Sheep with a lower ruminal NH3 concentration have higher urea-N recycling and a higher incorporation of recycled urea-N into microbial mass (Figure 3) [45,99]. This might be an explanation of why the presence of proanthocyanidin in the diet does not decrease the overall flow of microbial-CP to the lower digestive tract. Decreased ruminal NH3 concentrations in cattle fed proanthocyanidin-containing forage decreased urinary-N output and increased faecal-N output [100,101]. Faecal-N is less prone to volatilization as ammonia and nitrous oxide and leaching as nitrate into ground water than urinary-N, thereby reducing the environmental impact of this N excretion by ruminants [101,102].

8. Effect of Proanthocyanidin on Intestinal Amino Acid Absorption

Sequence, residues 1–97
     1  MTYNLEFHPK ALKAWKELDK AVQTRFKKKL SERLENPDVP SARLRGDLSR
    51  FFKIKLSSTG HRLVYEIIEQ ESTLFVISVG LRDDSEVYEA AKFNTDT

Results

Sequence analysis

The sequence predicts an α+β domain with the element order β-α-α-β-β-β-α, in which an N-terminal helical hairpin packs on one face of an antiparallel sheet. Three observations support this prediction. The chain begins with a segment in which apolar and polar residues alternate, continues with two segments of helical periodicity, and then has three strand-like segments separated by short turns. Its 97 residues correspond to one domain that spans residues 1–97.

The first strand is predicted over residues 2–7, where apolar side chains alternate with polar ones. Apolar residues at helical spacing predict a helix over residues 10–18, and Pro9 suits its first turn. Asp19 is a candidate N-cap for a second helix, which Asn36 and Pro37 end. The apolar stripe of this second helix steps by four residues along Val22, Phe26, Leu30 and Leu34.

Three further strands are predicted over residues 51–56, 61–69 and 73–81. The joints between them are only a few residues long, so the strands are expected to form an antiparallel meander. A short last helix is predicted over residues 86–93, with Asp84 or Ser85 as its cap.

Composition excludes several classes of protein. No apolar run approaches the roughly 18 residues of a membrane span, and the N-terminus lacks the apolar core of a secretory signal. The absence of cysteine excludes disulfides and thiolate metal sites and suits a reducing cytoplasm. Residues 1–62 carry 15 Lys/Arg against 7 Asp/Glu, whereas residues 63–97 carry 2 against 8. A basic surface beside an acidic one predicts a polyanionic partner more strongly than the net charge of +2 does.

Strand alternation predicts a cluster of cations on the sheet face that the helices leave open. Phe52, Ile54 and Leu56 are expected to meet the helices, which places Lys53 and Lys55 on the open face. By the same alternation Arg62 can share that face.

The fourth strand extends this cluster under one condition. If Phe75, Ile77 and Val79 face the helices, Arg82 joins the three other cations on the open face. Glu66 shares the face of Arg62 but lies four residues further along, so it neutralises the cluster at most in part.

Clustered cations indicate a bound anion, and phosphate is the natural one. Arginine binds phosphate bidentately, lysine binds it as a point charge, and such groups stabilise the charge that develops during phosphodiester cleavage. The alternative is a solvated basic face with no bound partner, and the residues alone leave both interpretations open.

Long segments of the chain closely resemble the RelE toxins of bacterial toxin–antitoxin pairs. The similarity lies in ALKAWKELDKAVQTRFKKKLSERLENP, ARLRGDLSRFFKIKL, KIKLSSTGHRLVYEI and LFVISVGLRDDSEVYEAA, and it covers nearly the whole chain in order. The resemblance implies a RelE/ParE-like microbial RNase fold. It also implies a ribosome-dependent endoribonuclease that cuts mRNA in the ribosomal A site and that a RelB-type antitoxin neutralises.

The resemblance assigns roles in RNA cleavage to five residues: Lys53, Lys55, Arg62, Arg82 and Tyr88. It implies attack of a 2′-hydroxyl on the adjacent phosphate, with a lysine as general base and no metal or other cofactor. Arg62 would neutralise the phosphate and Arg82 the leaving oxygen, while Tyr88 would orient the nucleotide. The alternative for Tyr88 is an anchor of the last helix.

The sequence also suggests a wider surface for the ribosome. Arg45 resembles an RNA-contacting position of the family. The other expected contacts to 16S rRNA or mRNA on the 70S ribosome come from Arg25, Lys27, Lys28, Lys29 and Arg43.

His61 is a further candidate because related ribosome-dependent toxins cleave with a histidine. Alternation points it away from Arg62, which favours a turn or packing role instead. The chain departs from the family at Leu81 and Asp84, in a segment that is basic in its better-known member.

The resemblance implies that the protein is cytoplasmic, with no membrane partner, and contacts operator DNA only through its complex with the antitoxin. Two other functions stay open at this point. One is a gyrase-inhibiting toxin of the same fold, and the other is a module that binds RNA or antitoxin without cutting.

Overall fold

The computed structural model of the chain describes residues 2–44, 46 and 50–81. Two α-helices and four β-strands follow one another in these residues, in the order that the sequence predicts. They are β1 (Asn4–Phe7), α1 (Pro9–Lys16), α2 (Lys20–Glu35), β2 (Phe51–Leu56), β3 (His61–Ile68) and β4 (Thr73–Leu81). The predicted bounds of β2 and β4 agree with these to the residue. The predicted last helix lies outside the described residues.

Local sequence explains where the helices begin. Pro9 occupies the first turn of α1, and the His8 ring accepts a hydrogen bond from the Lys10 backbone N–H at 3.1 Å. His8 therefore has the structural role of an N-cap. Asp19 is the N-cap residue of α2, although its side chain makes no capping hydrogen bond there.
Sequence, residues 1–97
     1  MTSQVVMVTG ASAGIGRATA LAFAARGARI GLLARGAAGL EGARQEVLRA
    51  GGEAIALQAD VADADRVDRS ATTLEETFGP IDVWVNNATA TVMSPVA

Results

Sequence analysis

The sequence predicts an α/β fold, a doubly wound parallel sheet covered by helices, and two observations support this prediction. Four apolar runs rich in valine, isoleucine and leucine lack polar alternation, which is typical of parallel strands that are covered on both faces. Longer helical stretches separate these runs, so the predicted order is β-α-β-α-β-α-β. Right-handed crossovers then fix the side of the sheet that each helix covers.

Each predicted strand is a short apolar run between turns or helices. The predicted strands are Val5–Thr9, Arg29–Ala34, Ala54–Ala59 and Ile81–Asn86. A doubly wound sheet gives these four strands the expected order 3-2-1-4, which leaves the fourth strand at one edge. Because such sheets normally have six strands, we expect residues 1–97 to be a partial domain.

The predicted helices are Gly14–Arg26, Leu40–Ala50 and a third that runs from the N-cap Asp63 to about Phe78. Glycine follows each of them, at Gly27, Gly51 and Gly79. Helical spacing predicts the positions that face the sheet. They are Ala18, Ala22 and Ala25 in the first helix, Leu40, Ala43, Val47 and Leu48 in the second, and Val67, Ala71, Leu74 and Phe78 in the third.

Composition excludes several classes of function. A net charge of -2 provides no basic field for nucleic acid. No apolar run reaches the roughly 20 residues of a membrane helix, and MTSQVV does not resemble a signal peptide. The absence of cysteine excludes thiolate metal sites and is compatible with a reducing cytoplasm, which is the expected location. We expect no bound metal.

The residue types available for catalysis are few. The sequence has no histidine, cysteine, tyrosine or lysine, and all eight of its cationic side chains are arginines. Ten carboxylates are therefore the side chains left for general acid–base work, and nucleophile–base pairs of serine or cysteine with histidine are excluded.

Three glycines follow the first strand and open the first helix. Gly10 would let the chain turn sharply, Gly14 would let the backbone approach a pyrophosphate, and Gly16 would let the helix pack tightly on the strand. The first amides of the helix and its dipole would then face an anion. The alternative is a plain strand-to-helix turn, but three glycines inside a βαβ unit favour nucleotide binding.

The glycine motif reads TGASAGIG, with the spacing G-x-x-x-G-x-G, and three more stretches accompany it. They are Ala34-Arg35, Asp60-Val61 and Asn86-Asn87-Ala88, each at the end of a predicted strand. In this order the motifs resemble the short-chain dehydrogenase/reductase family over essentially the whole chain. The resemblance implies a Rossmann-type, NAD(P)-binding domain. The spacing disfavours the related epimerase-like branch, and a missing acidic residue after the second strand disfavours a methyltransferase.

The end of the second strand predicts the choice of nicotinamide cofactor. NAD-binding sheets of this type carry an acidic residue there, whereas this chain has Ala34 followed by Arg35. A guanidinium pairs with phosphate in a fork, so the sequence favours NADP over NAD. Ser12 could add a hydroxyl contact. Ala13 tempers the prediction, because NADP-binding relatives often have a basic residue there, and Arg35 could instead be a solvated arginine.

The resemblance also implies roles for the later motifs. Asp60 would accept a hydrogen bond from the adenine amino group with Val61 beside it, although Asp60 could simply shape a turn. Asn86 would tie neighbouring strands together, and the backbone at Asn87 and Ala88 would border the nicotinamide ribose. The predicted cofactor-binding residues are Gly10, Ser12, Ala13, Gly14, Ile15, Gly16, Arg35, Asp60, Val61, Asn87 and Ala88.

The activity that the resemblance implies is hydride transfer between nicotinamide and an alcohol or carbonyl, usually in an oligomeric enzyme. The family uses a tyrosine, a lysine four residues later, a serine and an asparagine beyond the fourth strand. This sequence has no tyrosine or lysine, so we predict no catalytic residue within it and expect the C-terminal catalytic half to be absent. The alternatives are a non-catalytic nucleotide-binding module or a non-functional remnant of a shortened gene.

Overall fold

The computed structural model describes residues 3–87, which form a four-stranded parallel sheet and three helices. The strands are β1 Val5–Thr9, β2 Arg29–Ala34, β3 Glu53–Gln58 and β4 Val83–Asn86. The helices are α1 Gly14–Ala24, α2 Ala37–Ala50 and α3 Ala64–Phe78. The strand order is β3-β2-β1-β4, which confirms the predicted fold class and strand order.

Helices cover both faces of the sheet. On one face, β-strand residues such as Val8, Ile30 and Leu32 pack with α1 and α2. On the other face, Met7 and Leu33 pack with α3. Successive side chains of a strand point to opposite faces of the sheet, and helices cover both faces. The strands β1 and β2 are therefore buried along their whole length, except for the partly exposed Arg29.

Proanthocyanidins form stable complexes with proteins from different sources at a pH between 3.5 and 7.0 [103], a pH which occurs in the rumen [104] and ileum [105]. The total amount of dietary protein escaping ruminal degradation into the lower digestive tract was found to be higher for proanthocyanidin-containing forage without PEG than in the presence of PEG [45,46,47]. Protein is released from the proanthocyanidin complex at a pH of <3 [103] which occurs in the abomasum [106,107] and proximal duodenum [105] and at a pH of >8 which occurs with pancreatic secretions [90]. Min et al. [74] found, in their review, a linear increase in non-ammonia N flow as proportion of N intake to the intestine with increasing proanthocyanidin concentration in the forage, while microbial N flow remained largely constant.